An epic journey into the world of dinosaurs where an Apatosaurus named Arlo makes an unlikely human friend.
04 Feb The Good Dinosaur (2015)
Background as Foreground
I follow certain filmmakers in a way unlike any other relationship. If they have worked well for me at least once, they become a permanent part of my life, not friends or family because I give nothing back. When they try and fail, it becomes something of a failure of mine to learn from.
Pixar is in this class of ‘filmmakers‘ because there I see a certain consistent set of ambitions and values. Creative, polished story is what most people see, but what interests me is the deep exploration of what it means to tell stories visually, cinematically.
These men and women aggressively expand the cinematic vocabulary. Sometimes it is local, in some minute orchestration of character movement; I am not skilled enough to see and understand where these are new. But I can see and understand how they push the way we can communicate about space and the movement of the eye in it.
In this, they have two concerns. I’ve remarked elsewhere on the most visible one: how they understand the third dimension and where we place the camera. They can expand this because the camera is no longer physical. They‘ve gone so far as to design whole story worlds to allow for stretching this.
The other experimental area is more subtle and perhaps more influential in the long run. It used to be that the environment in films was that we lived in, and incidentally captured by the camera. Except in very rare cases, like some of the work of Welles and Kurosawa, it is static, dead, not able to participate in the communication. In cartoons, the background was ever more so.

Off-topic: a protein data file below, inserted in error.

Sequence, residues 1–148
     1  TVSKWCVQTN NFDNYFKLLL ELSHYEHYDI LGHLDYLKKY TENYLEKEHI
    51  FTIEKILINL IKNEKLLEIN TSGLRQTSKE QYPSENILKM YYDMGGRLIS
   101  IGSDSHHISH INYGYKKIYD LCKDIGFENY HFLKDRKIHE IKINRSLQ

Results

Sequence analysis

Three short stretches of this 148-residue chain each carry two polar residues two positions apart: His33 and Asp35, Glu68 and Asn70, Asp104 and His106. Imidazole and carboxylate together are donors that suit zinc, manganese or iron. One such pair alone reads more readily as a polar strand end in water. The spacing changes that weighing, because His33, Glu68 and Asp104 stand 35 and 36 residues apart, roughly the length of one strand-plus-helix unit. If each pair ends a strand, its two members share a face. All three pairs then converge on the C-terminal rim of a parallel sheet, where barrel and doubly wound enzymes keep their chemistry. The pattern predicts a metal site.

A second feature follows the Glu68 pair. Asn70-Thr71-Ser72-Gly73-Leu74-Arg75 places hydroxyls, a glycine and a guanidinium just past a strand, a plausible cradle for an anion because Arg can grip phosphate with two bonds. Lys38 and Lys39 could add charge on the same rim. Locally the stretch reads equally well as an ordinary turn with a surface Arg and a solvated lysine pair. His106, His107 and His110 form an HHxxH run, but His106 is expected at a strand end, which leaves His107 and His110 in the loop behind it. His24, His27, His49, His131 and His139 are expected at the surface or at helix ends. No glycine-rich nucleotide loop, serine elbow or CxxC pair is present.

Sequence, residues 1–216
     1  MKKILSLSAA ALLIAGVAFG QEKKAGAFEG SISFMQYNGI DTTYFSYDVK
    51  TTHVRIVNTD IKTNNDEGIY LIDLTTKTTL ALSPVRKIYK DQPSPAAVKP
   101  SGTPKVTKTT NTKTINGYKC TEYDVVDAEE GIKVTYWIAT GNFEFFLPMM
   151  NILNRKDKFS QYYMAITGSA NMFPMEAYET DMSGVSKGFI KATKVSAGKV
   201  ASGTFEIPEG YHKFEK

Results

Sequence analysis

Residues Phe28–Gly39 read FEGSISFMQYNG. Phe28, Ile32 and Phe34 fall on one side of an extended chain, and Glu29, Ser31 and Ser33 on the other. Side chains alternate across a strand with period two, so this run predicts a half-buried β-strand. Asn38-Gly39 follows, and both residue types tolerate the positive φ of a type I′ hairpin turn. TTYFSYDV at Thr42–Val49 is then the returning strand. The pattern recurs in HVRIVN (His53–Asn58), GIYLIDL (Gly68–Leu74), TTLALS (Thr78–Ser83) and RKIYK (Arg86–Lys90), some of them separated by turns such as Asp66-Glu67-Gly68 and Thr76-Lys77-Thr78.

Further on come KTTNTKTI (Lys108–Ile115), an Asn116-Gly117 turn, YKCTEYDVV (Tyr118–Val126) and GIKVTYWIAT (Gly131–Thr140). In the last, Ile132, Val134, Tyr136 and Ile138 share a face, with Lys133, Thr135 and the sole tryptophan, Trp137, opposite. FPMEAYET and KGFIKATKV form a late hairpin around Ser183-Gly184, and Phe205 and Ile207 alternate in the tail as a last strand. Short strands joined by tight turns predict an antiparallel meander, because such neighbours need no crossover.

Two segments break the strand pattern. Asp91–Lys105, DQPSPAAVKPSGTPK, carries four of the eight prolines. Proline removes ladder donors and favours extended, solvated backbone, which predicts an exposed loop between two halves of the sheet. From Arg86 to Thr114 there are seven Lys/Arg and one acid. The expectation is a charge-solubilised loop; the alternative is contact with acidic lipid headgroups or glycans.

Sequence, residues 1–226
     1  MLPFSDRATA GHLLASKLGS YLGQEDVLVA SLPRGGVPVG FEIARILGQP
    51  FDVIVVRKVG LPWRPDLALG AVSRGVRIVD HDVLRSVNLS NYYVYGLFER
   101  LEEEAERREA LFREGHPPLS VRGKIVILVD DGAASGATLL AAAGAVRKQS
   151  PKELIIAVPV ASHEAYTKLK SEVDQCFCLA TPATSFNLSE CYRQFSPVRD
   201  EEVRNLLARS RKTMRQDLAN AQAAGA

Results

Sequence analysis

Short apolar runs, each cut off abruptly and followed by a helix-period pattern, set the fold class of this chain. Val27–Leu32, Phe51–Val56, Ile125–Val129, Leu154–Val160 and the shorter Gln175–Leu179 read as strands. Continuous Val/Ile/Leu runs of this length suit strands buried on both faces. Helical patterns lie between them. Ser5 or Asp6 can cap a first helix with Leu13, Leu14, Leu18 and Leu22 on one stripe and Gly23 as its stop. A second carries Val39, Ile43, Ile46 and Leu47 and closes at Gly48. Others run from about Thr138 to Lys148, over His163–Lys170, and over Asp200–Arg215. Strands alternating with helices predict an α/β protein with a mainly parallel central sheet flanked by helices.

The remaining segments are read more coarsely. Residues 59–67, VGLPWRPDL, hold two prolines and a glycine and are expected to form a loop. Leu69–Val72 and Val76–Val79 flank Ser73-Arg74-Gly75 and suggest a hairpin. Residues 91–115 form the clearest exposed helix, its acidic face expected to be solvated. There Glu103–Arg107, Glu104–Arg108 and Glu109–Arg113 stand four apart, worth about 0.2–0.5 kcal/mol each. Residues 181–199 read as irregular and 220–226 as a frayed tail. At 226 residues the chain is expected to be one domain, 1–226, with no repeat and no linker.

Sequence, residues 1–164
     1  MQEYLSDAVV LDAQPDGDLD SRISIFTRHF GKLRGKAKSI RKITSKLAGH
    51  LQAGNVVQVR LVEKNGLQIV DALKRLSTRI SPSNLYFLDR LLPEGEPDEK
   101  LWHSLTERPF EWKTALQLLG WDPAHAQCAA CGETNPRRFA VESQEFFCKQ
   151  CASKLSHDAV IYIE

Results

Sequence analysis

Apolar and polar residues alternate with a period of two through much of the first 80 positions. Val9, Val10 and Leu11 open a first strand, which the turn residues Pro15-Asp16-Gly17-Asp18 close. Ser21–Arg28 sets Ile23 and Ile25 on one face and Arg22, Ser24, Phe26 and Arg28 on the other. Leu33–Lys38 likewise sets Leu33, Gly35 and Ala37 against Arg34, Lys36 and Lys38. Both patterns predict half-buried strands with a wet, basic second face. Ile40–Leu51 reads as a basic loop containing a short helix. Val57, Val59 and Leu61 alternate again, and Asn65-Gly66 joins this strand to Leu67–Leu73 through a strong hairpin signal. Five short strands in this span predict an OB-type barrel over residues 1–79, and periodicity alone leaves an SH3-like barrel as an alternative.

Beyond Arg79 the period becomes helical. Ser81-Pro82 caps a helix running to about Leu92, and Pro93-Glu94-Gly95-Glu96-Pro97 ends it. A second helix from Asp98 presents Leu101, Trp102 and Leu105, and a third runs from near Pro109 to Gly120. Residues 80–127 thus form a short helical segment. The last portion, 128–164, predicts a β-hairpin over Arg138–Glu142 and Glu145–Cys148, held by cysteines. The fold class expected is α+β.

But CGI breaks that boundary as well. I saw the problems they had with trying to innovate with conscious snow interacting with conscious hair in Brave. They had all sorts of other difficulties with this film, many of them not relevant to the experiment in conscious background but it has to be considered a success.
The story isn’t particularly novel in having the environment be the protagonist, but it is novel in the emotional texture they were able to impart to that environment. The characters‘ texture and form have been reduced and that of the environment increased. There was never in reality water this full of life, vegetation with this much unified presence. They moved the old story-focused director out and moved in a texture animator and incidentally gave him a story to tell.
It is not typical of Pixar that the filmmaker is allowed to make a statement, but here we have him creating a character that enters the story and announces his intentions. He is part of the environment, appearing first as a tree and stepping out to be a multi horned creature that ‘collects‘ pets that each play a role. This is one of the most sophisticated in jokes I recall, directly related to the focus on the background as foreground.
Posted in 2016
Ted’s Evaluation — 3 of 3: Worth watching.